France’s online sports betting in record-smashing form in Q4


france-online-gambling-sports-betting-revenue-recordFrance’s online gambling market was firing on all cylinders in the final quarter of 2019, led by a dramatic surge in sports betting revenue.

Figures released Monday by France’s online gambling regulator ARJEL show locally licensed online sportsbooks handled wagers worth €1.5b in the final three months of 2019, a 42% rise from Q4 2018 and a new quarterly record. Betting revenue rose by a more modest 7% to €230m as total return to players (counting bonuses) rose 5.3 points to 86.7%.

The surge came from the number of registered bettors rising nearly one-quarter to 1.92m, while weekly active bettors shot up 32% to 720k, thanks in part to bonus offers rising 76% to €30m. For 2019 as a whole, betting turnover was up 30% to a record €5b while revenue rose 27% to €880m, also a record.

The much-derided sport of kings also enjoyed positive traction in Q4, albeit at a more reasonable level. Race betting turnover and stakes were both up 7% to €294m and €72m, respectively, despite bonus offers falling 38% to €5.5m. For the year as a whole, racing stakes gained 5% to €1.1b while revenue rose 6% to €271m.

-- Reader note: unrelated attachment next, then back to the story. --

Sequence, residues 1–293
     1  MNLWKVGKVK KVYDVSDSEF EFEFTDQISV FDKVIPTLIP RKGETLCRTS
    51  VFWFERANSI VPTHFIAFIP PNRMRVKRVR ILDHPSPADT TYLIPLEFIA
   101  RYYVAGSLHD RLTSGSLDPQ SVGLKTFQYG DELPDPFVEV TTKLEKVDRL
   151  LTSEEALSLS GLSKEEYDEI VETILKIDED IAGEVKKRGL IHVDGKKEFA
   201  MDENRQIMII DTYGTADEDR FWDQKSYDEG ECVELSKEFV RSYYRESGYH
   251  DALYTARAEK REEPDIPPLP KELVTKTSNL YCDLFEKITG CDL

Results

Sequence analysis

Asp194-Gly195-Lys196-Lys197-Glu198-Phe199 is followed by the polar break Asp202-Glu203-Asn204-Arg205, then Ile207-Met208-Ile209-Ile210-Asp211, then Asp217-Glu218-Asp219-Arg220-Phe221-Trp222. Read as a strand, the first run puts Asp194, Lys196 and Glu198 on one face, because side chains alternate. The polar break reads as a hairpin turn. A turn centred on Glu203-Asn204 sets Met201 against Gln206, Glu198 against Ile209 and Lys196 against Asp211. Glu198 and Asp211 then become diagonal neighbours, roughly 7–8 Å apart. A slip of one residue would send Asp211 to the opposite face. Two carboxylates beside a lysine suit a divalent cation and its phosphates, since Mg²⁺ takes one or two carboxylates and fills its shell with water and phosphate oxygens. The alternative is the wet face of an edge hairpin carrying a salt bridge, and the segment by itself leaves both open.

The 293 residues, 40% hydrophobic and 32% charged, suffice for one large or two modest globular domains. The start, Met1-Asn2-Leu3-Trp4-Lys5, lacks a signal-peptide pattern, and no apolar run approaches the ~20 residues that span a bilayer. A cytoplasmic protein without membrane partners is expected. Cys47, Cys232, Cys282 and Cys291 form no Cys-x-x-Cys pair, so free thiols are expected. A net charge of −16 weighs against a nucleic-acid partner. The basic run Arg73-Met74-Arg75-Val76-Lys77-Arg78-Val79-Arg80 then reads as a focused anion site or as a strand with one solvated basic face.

The much-maligned online poker vertical defied expectations by posting an 18% revenue gain to €76m in Q4, with cash games up 9% to €23m and tournaments rising 22% to €53m. Bonus offers were up 36% to €20m, resulting in weekly active players rising 13% to 288k. Full-year poker revenue rose 6% to €272m, with cash games up 1% to €88m and tournaments gaining 8% to €184m.

The French government’s tax take from Q4’s gambling surge was equally outsized, with €139m from betting (60.4% of revenue), €38.5m from racing (53.4%) and €23m from poker (30.2%). For the year as a whole, the government’s tax haul from sports betting alone shot up nearly 30% to €470m.

Hence the enormous sighs of relief last December when the government announced a switch from the onerous tax on betting turnover to a more traditional revenue-based scheme on January 1, 2020.

This marks the final quarterly report from ARJEL, which will be replaced this spring by the country’s new L’autorité Nationale des Jeux (ANJ) with responsibility for overseeing both online and land-based gambling sectors. The ANJ will be headed up by Isabelle Falque-Pierrotin, who currently heads up the country’s National Commission for Data Protection.